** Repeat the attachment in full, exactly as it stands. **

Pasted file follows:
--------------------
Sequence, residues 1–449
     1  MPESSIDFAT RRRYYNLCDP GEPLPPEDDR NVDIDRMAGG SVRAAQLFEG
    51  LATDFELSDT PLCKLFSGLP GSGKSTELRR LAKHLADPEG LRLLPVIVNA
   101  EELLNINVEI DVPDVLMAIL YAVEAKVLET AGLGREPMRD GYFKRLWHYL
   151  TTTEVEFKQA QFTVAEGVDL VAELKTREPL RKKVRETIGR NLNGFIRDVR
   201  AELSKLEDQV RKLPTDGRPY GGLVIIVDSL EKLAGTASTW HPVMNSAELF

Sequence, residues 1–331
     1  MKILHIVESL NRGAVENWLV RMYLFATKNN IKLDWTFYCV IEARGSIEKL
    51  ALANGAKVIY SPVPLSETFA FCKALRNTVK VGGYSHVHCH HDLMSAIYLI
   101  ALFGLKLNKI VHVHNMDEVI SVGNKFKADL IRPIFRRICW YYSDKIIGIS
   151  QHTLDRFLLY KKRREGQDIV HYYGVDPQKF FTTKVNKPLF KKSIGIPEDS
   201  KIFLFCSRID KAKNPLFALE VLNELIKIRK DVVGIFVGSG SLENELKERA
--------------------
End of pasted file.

Sequence, residues 1–449
     1  MPESSIDFAT RRRYYNLCDP GEPLPPEDDR NVDIDRMAGG SVRAAQLFEG
    51  LATDFELSDT PLCKLFSGLP GSGKSTELRR LAKHLADPEG LRLLPVIVNA
   101  EELLNINVEI DVPDVLMAIL YAVEAKVLET AGLGREPMRD GYFKRLWHYL
   151  TTTEVEFKQA QFTVAEGVDL VAELKTREPL RKKVRETIGR NLNGFIRDVR
   201  AELSKLEDQV RKLPTDGRPY GGLVIIVDSL EKLAGTASTW HPVMNSAELF

Sequence, residues 1–331
     1  MKILHIVESL NRGAVENWLV RMYLFATKNN IKLDWTFYCV IEARGSIEKL
    51  ALANGAKVIY SPVPLSETFA FCKALRNTVK VGGYSHVHCH HDLMSAIYLI
   101  ALFGLKLNKI VHVHNMDEVI SVGNKFKADL IRPIFRRICW YYSDKIIGIS
   151  QHTLDRFLLY KKRREGQDIV HYYGVDPQKF FTTKVNKPLF KKSIGIPEDS
   201  KIFLFCSRID KAKNPLFALE VLNELIKIRK DVVGIFVGSG SLENELKERA